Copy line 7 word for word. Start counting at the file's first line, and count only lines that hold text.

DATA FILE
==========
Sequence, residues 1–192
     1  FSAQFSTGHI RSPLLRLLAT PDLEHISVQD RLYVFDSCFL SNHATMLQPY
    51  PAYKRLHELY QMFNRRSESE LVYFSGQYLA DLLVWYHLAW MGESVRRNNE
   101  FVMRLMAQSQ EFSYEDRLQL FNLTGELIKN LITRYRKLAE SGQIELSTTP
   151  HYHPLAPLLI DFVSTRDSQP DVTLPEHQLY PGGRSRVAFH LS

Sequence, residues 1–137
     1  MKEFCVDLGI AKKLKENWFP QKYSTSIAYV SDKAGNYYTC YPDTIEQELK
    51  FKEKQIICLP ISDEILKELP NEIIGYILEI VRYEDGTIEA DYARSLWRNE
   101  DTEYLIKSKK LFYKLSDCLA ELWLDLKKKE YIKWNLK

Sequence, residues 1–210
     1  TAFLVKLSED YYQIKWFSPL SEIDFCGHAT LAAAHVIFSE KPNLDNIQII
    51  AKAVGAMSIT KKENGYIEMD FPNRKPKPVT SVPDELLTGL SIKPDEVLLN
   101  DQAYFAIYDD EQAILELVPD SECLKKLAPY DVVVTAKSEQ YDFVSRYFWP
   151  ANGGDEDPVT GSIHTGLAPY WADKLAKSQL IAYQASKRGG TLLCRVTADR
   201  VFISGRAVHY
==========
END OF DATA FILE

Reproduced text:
     1  MKEFCVDLGI AKKLKENWFP QKYSTSIAYV SDKAGNYYTC YPDTIEQELK